To the chief Musician, A Psalm of David. The fool hath said in his heart, There is no God. They are corrupt, they have done abominable works, there is none that doeth good.
A Psalm of David. LORD, who shall abide in thy tabernacle? who shall dwell in thy holy hill?
To the chief Musician, A Psalm of David, the servant of the LORD, who spake unto the LORD the words of this song in the day that the LORD delivered him from the hand of all his enemies, and from the hand of Saul: And he said, I will love thee, O LORD, my strength.
To the chief Musician, A Psalm of David. The heavens declare the glory of God; and the firmament showeth his handiwork.
To the chief Musician, A Psalm of David. The LORD hear thee in the day of trouble; the name of the God of Jacob defend thee;
To the chief Musician, A Psalm of David. The king shall joy in thy strength, O LORD; and in thy salvation how greatly shall he rejoice!
To the chief Musician upon Aijeleth Shahar, A Psalm of David. My God, my God, why hast thou forsaken me? why art thou so far from helping me, and from the words of my roaring?
A Psalm of David. The LORD is my shepherd; I shall not want.
A Psalm of David. The earth is the LORD'S, and the fulness thereof; the world, and they that dwell therein.
A Psalm of David. Unto thee, O LORD, do I lift up my soul.
New Defender's Study Bible Notes
19:19 magnified thy mercy. This first reference in the Bible to God’s “mercy” is described quite properly by Lot as “magnified.” God’s mercy is also said to be “from everlasting to everlasting” (Psalm 103:17), and as great “as the heaven is high above the earth” (Psalm 103:11). He is “rich in mercy” (Ephesians 2:4) and has shown “abundant mercy” (I Peter 1:3) in saving us. God’s mercy is appropriately described in superlatives!
20:7 a prophet. This is the first use of the word “prophet” or “prophecy” in Scripture. As the context indicates, its meaning is not primarily that of foretelling the future, but of being God’s spokesman, conveying His words by divine inspiration to man (compare II Peter 1:19-21). God exacts strong punishment on any who harm His prophets, even when they themselves are blameworthy (Psalm 105:15).
25:22 struggled together within her. Babies have real feelings, thoughts and personalities even before birth. This is clear Biblically (Psalm 139:14-16; Ecclesiastes 11:5; Luke 1:44; etc.), and is being increasingly confirmed by modern scientific monitoring of embryonic children growing in the womb.
35:19 Ephrath, which is Beth-lehem. It was here that Rachel died and here that Jesus was born, as prophesied in Micah 5:2. Rachel’s son Benjamin (“son of my right hand,” first named by Rachel, Benoni, “son of pain”) was the progenitor of the tribe that would eventually inhabit this portion of the Promised Land. Hence the phrase, “Rachel weeping for her children” (Matthew 2:18; Jeremiah 3l:15), when Herod sought to slay the male children of Bethlehem. Note also the reference to Ephratah in Psalm 132:6.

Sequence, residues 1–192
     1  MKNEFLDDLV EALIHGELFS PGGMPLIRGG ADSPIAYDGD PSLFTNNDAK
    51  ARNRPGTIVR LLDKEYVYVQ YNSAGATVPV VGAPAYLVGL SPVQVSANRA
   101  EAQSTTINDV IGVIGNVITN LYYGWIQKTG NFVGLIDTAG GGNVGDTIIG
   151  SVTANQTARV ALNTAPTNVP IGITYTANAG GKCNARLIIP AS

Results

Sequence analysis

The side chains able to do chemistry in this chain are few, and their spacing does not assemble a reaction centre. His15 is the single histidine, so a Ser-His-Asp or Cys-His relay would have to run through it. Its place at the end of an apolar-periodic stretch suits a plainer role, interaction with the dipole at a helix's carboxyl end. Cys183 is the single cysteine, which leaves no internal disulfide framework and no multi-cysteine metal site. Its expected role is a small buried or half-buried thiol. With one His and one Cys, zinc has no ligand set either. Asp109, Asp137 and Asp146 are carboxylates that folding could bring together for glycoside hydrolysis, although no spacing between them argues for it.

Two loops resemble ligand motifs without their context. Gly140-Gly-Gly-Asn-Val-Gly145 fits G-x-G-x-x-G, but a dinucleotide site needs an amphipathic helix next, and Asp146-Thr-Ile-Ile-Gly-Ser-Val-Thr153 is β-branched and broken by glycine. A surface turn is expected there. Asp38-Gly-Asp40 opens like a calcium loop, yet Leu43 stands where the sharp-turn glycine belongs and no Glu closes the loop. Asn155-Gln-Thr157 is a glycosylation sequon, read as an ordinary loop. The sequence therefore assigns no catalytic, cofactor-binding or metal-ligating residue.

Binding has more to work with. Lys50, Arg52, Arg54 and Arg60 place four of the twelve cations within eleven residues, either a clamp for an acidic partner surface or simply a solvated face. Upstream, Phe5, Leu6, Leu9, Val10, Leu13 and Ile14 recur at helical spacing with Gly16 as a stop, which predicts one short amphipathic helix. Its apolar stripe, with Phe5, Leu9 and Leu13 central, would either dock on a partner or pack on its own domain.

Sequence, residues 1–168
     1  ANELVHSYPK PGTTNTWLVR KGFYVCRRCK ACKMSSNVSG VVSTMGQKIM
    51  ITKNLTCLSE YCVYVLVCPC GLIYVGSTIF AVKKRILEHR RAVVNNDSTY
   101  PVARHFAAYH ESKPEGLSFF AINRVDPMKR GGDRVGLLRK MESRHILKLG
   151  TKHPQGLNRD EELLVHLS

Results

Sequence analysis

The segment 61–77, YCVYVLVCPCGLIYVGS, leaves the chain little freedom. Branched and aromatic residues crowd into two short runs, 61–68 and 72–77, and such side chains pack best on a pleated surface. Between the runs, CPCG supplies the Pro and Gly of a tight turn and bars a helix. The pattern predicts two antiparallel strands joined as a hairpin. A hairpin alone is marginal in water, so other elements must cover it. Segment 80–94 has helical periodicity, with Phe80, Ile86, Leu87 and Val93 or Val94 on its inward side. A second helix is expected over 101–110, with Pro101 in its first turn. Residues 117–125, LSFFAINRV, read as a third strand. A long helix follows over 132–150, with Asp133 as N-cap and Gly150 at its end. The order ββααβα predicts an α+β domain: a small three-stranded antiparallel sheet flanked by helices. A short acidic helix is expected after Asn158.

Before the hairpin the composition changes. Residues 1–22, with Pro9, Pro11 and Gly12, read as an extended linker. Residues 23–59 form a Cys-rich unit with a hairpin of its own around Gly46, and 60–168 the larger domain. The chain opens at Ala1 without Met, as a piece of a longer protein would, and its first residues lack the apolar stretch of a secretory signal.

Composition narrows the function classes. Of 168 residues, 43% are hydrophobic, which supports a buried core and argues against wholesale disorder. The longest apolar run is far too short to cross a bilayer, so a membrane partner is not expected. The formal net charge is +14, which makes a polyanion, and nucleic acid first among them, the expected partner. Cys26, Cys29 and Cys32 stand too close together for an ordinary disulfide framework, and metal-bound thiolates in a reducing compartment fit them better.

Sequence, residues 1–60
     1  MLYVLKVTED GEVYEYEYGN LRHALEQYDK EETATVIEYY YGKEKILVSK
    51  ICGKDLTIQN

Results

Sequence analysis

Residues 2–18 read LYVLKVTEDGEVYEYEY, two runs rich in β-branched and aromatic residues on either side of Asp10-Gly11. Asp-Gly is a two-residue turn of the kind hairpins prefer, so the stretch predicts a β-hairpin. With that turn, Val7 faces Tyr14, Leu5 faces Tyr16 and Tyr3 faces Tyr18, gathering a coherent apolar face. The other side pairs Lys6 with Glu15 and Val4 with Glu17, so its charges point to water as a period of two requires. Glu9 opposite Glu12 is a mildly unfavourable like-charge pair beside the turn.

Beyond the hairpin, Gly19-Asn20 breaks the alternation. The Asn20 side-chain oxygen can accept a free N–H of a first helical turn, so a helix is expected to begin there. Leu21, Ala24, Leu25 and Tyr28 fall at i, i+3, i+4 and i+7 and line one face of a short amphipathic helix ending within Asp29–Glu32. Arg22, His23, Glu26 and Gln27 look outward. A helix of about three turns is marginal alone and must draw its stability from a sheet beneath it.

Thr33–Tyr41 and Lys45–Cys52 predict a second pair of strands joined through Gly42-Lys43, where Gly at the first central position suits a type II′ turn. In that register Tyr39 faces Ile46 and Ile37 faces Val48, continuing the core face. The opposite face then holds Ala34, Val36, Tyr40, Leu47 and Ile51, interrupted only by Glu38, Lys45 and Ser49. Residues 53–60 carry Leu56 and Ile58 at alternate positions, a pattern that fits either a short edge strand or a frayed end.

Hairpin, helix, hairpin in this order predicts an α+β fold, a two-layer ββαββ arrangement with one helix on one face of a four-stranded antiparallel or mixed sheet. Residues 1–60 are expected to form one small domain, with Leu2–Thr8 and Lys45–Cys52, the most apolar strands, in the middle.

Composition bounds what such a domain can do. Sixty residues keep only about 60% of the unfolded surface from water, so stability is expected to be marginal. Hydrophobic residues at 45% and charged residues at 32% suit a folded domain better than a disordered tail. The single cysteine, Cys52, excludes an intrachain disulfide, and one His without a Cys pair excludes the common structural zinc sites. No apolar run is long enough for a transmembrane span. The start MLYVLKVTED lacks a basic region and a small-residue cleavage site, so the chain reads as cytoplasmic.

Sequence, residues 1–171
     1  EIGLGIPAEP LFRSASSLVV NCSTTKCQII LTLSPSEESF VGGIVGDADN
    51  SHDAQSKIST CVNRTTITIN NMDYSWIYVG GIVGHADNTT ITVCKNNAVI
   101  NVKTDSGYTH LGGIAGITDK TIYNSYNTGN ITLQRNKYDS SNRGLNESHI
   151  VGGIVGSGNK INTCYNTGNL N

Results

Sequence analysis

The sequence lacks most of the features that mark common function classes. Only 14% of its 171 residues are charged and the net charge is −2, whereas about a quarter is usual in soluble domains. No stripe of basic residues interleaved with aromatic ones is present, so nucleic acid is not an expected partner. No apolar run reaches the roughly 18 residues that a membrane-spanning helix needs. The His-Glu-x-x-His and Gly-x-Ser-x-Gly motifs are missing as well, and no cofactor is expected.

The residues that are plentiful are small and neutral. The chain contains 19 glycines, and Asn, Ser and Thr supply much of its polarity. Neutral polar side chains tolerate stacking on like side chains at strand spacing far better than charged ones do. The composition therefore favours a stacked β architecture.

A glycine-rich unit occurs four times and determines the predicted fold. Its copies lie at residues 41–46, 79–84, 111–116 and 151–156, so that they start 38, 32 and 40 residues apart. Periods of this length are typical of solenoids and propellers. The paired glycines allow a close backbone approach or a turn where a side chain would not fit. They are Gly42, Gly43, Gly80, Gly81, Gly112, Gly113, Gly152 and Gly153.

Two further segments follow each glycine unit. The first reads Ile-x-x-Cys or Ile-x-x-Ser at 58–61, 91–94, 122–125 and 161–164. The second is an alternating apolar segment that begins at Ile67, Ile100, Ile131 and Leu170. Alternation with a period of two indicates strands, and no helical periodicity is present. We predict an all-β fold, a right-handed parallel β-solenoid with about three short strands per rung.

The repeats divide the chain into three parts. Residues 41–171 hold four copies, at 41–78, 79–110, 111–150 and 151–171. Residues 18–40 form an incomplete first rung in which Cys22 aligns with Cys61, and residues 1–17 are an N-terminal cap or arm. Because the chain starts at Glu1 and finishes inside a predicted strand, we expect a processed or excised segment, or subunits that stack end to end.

39:20 in the prison. More detailed information about the sufferings of Joseph in the prison are given in Psalm 105:17-18.
21:6 bore his ear. This ordinance is very significant, being the first given after the ten commandments. This first ordinance and those that follow center first on the most humble members of society (the slaves–recognizing the then-universal existence of slavery, and ameliorating the practice), then on other people, then on property–thus establishing God’s priorities. Second, right at the beginning of the dispensation of Law, we are given a typological picture of God’s Servant, who would someday come to bear the curse of the Law for us, saving us by His grace. The slave, with full right to be set free in his seventh year, chooses rather to stay in the will of his master, listening to his voice only–symbolized and sealed by the opening in his ear. Just so, Christ said prophetically: “Mine ears hast thou opened:...Lo, I come: in the volume of the book it is written of me, I delight to do thy will, O my God: yea, thy law is within my heart” (Psalm 40:6-8). The fulfillment of this prophecy is described in Hebrews 10:5-10. There, the opening of the ears of the servant is included in the preparation of the Lord’s human body “to do thy will, O God... By the which will we are sanctified through the offering of the body of Jesus Christ once for all” (Hebrews 10:7,10).
22:8 unto the judges. The word “judges” here and in Exodus 22:9 is elohim, the Hebrew word for “God.” It is a plural noun, and is sometimes rendered “gods” (e.g., Psalm 82:1). These judges were authorized to enforce God’s law and thus were considered, when sitting in judgment, as representing Him. See the reference by the Lord Jesus in John 10:34,35.
27:1 altar of shittim wood. The altar would eventually receive countless sacrificial animals, offered as burnt offerings (Leviticus 4:7), while bound to the horns of the altar (Psalm 118:27). Although most altars in ancient times did not have horns, at least one horned altar has been excavated near Beersheba. It is significant that sacrifice for sin was essential before coming into God’s presence.
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30:1 altar to burn incense. The incense burning daily would come to represent the prayers of God’s people (Psalm 141:2; Luke 1:10; Revelation 8:4). This altar was just in front of the great veil at the mercy seat (Exodus 30:6).